While most of the focus in the buildup to Ireland's friendly against Qatar tomorrow has been on the team's recent struggles, the protest of some national teams against alleged human rights violations in the Asian nation provide a very interesting side plot to the fixture.
The likes of Norway and Germany have protested the alleged treatment of migrant workers in Qatar before World Cup qualifiers in recent days, with the 2022 tournament taking place in the country.
There have been a high number of deaths related to the building of stadiums for the World Cup, with the use of low paid migrant workers in supposedly unsafe conditions coming in for heavy criticism.
The Norway squad wore T-shirts to express concern about the Qatar 2022 World Cup and its hosts' human rights record ahead of their qualifying match against Gibraltar on Wednesday.
— Sky Sports News (@SkySportsNews) March 25, 2021
Some have suggested that Ireland hold a similar protest before the friendly in Budapest tomorrow evening, something that could have significant impact when you consider that Qatar will be lining up in opposition.
Speaking ahead of that game, Ireland boss Stephen Kenny said he was unsure if his players were planning on having any such protest. He was also very outspoken on the issues surrounding the construction of stadiums in Qatar, also admitting that it was a difficult issue to summarise in the wider context of global sport.
I'm all about freedom speech. Any individual has their right to express their opinion on the majority of issues, I have no problem with that.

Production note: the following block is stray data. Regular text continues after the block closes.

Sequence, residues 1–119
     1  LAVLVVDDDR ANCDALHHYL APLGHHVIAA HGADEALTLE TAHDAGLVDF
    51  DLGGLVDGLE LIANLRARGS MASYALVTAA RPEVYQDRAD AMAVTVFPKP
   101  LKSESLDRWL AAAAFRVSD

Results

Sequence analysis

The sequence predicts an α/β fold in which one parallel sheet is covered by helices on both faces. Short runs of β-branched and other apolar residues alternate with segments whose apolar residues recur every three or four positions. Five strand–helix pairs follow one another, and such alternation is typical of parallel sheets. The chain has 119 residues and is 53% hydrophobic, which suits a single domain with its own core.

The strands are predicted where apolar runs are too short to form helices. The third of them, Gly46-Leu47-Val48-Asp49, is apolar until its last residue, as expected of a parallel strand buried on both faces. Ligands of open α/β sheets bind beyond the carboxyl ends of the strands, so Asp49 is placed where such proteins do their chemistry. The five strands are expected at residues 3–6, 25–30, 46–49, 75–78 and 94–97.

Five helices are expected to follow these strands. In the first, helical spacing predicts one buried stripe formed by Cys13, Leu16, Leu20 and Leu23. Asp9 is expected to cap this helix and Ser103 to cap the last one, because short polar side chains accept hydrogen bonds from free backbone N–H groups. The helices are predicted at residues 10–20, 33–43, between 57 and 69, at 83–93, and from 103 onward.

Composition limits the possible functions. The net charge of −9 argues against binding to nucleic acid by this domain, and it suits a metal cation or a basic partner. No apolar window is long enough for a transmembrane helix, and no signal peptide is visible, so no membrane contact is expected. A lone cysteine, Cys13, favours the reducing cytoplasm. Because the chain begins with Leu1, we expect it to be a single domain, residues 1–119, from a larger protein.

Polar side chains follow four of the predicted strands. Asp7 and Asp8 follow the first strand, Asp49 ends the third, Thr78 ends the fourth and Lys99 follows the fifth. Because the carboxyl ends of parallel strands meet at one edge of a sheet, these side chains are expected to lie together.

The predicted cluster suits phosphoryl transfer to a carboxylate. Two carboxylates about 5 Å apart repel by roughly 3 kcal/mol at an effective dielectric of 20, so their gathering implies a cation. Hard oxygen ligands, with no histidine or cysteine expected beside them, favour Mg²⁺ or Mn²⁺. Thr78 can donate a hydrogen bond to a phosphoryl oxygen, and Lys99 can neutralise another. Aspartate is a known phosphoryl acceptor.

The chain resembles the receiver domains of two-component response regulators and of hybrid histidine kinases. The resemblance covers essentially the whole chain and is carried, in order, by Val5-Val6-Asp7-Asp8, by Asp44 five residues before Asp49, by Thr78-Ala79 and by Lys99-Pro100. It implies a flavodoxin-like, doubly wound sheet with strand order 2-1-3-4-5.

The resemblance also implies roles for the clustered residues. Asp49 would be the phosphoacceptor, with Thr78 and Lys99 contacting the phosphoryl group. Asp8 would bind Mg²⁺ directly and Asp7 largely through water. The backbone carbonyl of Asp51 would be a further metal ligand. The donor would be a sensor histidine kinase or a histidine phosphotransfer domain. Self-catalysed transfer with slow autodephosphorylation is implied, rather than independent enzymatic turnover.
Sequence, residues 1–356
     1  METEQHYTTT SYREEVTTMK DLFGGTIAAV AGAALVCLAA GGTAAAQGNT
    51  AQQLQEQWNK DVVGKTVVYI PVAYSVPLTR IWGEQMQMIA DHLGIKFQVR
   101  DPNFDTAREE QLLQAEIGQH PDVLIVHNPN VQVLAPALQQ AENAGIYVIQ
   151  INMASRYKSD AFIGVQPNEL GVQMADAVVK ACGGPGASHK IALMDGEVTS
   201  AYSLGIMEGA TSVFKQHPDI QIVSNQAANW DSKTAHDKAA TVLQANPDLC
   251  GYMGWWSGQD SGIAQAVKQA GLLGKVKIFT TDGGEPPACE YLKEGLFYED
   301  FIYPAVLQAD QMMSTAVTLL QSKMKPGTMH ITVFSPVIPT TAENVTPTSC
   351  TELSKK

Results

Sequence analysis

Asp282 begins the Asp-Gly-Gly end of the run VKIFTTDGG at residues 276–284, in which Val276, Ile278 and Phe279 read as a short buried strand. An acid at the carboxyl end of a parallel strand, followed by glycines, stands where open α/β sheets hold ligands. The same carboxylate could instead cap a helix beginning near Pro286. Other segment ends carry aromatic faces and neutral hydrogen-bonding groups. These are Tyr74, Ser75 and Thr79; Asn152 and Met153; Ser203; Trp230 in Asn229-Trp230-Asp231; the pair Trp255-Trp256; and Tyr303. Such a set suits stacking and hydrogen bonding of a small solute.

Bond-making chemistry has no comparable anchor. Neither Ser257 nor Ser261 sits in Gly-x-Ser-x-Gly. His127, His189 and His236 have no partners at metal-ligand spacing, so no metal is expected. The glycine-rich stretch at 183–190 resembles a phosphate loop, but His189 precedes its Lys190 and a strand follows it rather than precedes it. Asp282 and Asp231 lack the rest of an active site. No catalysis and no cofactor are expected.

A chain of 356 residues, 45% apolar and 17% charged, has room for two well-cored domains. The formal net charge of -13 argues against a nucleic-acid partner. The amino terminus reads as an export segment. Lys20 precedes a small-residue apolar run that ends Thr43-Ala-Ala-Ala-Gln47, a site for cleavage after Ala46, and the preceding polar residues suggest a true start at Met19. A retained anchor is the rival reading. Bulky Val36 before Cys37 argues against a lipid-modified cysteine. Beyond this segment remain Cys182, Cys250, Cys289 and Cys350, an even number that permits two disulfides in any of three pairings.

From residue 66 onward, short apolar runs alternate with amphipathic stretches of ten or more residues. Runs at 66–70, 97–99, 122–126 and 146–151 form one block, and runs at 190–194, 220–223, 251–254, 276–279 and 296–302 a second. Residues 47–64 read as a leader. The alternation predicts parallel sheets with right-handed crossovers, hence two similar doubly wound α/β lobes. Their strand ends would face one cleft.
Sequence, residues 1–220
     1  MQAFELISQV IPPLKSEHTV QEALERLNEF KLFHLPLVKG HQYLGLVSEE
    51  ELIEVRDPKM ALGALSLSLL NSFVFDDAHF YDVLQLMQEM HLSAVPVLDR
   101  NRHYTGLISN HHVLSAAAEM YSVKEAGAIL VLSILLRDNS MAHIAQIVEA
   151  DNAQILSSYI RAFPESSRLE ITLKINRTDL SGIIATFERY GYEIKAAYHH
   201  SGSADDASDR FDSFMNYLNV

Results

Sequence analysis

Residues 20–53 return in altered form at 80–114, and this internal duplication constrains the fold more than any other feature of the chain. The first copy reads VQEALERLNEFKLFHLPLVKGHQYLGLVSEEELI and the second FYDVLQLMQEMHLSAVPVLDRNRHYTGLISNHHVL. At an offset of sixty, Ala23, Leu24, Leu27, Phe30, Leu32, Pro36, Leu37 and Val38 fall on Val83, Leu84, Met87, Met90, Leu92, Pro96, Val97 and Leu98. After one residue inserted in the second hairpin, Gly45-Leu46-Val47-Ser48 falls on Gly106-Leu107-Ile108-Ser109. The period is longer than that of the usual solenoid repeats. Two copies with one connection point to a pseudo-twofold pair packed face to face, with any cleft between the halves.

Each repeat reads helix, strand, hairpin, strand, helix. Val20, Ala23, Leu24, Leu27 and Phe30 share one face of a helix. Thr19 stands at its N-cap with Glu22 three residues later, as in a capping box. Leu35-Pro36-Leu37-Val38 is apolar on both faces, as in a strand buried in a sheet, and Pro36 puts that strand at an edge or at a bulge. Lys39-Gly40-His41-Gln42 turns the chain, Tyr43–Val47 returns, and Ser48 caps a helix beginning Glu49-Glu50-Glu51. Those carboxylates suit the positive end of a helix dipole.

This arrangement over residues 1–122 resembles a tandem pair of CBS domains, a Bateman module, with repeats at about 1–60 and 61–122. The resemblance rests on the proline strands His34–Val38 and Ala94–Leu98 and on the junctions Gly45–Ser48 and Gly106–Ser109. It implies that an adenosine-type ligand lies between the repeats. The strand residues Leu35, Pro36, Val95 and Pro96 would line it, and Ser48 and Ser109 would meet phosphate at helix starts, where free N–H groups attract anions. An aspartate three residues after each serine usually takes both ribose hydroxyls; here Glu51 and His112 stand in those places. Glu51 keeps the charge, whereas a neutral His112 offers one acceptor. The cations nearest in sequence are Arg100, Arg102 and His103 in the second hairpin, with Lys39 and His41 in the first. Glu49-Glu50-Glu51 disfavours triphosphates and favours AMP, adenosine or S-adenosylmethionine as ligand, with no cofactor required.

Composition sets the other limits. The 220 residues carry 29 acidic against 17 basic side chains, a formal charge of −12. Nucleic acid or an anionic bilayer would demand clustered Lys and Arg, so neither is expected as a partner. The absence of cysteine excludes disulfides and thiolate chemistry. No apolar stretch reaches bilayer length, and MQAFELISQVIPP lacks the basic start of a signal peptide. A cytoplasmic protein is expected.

I think there is a clear issue with human rights in the building of stadiums in Qatar and the number of people that have died. You can't sweep that under the carpet, it can't be ignored.
Initially the Norwegian team and various other teams have backed that, they are entitled to do that with good reason. It's not acceptable for people to lose their lives.
The disparity of wealth between rich and poor, to have people living in conditions of squaller and people dying in those conditions is not acceptable.
Where do you draw the line? For example, America boycotting the Olympics in Russia and Russia boycotting the Olympics in America, what does that achieve? Even years later we haven't really gauged the measurement of what that achieved.
Is handing out the World Cup to Qatar initially the problem, or should teams refuse to go and players refuse to play? Those are different matters.
It's a broader issue in sport. What countries do you pick and say 'you can't do that'?
It is a very complex issue and is something that needs a wider debate.
This issue will not go away in the coming months, with criticism towards FIFA and the Qatari authorities only likely to intensify as we get closer to the 2022 World Cup.